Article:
Not at all! It merely closed the fund and paid out redemptions in the form of shares of a liquidating trust that you can’t redeem from, and so any claims that it may have violated those mutual fund rules requiring daily liquidity couldn’t be further off base. Plus, it knows what’s good for you.
John Coffee, a professor at Columbia Law School, said the fund’s move may be seen as “high-handed, somewhat arbitrary,” but the alternative might have been a “total failure” of the fund.
“Shareholders might be better off with a liquidating trust than an insolvent entity that would send bigger shock waves,” he said.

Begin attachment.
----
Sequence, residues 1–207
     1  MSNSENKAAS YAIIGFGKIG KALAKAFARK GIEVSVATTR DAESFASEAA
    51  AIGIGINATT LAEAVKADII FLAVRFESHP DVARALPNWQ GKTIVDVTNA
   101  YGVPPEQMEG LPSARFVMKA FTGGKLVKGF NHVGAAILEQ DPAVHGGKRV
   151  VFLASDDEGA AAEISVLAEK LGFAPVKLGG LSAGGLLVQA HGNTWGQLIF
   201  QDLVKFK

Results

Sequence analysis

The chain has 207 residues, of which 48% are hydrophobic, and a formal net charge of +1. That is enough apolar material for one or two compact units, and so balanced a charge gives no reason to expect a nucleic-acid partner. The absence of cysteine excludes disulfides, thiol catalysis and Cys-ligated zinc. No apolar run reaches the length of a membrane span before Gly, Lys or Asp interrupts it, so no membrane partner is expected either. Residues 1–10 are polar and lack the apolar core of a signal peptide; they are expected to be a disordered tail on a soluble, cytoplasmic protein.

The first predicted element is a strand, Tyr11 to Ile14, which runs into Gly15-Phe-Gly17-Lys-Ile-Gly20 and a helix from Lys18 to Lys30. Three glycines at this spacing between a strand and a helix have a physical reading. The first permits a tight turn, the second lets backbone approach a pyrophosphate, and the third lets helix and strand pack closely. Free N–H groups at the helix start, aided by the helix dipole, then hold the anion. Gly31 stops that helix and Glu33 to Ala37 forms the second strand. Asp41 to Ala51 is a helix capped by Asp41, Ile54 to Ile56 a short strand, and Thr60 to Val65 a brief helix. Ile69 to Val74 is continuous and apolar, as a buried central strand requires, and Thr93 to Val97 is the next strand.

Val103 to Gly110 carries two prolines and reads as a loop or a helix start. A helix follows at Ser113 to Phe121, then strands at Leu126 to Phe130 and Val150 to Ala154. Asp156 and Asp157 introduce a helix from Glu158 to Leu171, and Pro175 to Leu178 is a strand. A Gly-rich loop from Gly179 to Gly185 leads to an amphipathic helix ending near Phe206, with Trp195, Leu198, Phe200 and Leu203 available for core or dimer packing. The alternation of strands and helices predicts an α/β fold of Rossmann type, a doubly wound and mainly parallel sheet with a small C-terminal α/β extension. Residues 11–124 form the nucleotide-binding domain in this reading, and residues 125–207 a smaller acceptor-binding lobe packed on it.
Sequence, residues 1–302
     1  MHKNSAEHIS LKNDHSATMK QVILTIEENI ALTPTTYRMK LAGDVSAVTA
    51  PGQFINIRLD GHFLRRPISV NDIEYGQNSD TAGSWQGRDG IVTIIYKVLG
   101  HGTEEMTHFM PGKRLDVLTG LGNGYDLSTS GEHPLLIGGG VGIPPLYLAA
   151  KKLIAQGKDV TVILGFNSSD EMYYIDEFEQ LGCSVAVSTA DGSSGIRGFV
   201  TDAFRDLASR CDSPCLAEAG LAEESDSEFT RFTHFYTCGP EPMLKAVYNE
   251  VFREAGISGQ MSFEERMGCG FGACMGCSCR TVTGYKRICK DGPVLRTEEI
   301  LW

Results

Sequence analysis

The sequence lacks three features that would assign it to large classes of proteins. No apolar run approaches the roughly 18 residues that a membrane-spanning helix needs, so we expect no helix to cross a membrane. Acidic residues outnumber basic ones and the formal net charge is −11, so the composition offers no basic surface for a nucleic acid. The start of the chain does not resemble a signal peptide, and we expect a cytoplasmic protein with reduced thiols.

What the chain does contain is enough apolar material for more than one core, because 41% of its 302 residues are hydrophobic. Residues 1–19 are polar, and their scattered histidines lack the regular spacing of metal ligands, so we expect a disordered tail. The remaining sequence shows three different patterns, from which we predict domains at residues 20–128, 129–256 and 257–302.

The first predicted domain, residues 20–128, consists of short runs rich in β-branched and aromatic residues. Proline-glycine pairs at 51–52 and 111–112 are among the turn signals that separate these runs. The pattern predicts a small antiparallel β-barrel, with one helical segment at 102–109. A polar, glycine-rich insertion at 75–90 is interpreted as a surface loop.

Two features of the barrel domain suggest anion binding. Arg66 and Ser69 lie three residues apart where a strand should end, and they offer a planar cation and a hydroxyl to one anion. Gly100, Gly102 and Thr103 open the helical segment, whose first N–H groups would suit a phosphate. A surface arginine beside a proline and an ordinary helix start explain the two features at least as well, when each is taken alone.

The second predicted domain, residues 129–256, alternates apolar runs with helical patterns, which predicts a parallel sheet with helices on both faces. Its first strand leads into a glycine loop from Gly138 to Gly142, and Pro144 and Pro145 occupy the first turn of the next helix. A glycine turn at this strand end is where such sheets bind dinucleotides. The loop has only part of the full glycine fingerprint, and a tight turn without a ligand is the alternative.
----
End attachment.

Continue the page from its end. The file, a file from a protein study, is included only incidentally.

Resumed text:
So can we all just move on, since everything’s above-board and what’s best for you, anyway? No? Pity.
U.S. securities regulators are scrutinizing Third Avenue Management LLC’s unusual legal strategy to effectively halt shareholder redemptions from a high-yield fund without first obtaining a green light from the Securities and Exchange Commission, according to people familiar with the matter….
Meanwhile, the Massachusetts Securities Division announced it has begun an investigation into the Third Avenue fund’s closure Monday, Secretary of the Commonwealth William F. Galvin’s office said in a statement.